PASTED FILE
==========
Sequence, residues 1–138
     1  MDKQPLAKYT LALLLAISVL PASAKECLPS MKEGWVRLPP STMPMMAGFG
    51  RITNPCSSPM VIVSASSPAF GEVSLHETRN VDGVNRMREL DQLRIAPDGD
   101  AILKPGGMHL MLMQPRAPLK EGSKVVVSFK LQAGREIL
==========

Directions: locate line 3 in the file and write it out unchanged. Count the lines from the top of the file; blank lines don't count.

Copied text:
    51  RITNPCSSPM VIVSASSPAF GEVSLHETRN VDGVNRMREL DQLRIAPDGD